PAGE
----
Members of the Hebrew community have been informed in recent days by the authorities that they must leave Israel within 60 days, following their rejected applications to the Interior Ministry to establish their status as permanent residents. The candidates for deportation have lived in Israel without an official status for years, and some were even born in the country. Similar requests from a large number of members of the African Hebrew Israelite Nation of Jerusalem (a.k.a. Black Hebrew Israelites) are still pending.
According to the Population Authority, the Black Hebrew community numbers about 2,000, but the community claims that the number is much higher – as high as 5,000. The Black Hebrews live mainly in Dimona, in southern Israel, but there are also clusters living in Yeruham, Mitzpe Ramon, Arad, Tel Aviv, and T’veria.
The group was founded in Chicago by a former steelworker named Ben Carter who called himself Ben Ammi Ben-Israel (he died in 2014). In his early twenties, Carter was given the name Ben Ammi by Rabbi Reuben of the Chicago Congregation of Ethiopian Hebrews. According to Ben Ammi, in 1966, at the age of 27, he had a vision in which the Archangel Gabriel called him to take his people, African Americans, back to the Holy Land of Israel.
When they arrived in Israel from Chicago, Illinois in the late 1960s, the Black Hebrews claimed that they were the only rightful inheritors of the land of Israel, refused to convert to Judaism, and asserted that the Israeli Jews around them were not descendants of the biblical Israelites. Needless to say, this did not make them very popular in Israel. Tensions between the group and the Israeli government grew in the 1970s, with the group—officially considered illegal aliens—suffering from unemployment, inadequate housing, and attempted deportations. Ben Ammi did not improve matters when he declared in 1985 that “the greatest conspiracy ever conceived in the minds of men was the creation of a National Homeland for Jewish People.”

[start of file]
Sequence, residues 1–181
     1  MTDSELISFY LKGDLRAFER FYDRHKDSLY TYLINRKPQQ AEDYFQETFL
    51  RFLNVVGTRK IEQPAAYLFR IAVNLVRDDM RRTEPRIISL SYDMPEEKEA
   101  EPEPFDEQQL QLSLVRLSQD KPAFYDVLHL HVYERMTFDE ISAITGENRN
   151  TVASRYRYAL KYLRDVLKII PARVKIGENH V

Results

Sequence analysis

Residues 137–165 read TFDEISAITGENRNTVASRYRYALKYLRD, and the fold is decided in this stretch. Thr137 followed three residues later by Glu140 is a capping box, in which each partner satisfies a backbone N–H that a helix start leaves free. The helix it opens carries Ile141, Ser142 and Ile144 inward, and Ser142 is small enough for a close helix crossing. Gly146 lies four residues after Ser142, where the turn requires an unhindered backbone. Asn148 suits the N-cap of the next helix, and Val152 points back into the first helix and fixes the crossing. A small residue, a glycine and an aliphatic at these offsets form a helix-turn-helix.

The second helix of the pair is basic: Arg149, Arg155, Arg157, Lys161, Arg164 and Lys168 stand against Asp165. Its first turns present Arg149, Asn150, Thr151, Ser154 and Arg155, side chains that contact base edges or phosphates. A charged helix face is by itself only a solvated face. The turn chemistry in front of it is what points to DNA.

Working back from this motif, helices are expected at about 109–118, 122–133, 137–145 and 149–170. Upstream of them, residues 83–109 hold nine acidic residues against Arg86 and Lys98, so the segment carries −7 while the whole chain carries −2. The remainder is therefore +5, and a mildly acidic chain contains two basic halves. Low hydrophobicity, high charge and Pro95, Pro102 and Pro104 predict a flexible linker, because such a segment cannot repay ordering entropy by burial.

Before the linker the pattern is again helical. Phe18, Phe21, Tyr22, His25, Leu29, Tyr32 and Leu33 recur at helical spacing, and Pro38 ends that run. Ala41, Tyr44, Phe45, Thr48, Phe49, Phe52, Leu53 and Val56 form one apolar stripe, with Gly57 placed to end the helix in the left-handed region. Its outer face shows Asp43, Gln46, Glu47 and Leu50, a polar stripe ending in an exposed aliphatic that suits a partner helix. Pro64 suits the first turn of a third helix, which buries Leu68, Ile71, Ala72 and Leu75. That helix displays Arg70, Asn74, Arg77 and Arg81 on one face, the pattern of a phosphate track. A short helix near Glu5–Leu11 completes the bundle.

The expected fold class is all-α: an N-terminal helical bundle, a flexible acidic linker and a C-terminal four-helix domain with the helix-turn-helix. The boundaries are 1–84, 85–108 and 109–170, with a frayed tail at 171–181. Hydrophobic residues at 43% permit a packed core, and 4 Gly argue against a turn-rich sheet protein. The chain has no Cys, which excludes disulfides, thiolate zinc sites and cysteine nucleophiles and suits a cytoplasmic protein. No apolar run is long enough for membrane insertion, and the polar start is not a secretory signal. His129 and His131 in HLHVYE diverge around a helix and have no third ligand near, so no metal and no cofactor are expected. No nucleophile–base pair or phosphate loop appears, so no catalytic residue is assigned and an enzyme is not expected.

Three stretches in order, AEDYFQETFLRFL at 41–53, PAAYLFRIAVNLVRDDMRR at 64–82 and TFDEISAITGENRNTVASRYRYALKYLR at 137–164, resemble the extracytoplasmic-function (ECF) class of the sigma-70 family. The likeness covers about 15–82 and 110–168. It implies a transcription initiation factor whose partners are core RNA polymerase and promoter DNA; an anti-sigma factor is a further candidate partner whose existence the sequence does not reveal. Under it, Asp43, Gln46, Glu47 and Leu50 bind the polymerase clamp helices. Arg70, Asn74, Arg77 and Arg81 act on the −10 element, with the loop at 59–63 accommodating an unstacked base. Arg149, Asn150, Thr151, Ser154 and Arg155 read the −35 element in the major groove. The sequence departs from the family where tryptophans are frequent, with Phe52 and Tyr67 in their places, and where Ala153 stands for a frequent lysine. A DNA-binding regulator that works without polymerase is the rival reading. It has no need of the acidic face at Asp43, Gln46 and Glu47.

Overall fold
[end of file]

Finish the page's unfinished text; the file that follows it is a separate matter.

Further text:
Things became worse during the Corona pandemic. Last March, the Dimona municipality reported that “about half of the 350 verified patients are members of the Hebrew community. There is indeed a problem with the members of the community, they refuse to be tested and vaccinated for ideological reasons. Efforts have been made in recent weeks to convince them and currently, the issue is in the testing stage, following which we hope they will also be vaccinated. In Mitzpe Ramon, for example, they have already started getting vaccinated.”
According to Haaretz (עשרות מחברי קהילת העבריים מיועדים לגירוש לאחר שביקשו לקבל מעמד), among the members of the Hebrew community, some hold citizenship, some hold only permanent residency, and some have no status. The Population Authority claims the latter were not included in the list compiled by the community itself.
Black Hebrews activist Raphael Ben Israel, who works to receive state recognition for the group in danger of deportation, told Haaretz that they number more than 100. According to him, when he applied on their behalf to the Immigration Authority, he was asked to submit an updated list of their names. A year later, he said, deportation action has been filed against the same people.
Yoel Lipovetsky, head of the Population Administration at the Immigration Authority, told Haaretz: “Those without status are people who have lived here for years in violation of the law, just like any other illegal resident.”
“They decided to stay in Israel illegally for many years,” Lipovetsky said. “When they submitted the applications we started examining them, and saw that they were illegal residents in every sense of the term, so we asked them to leave the country. I don’t know what they consider regulating their status. Maybe they think that anyone who violates the laws of the State of Israel can raise their hand and say, ‘Hello, I’m here, so give me citizenship.'”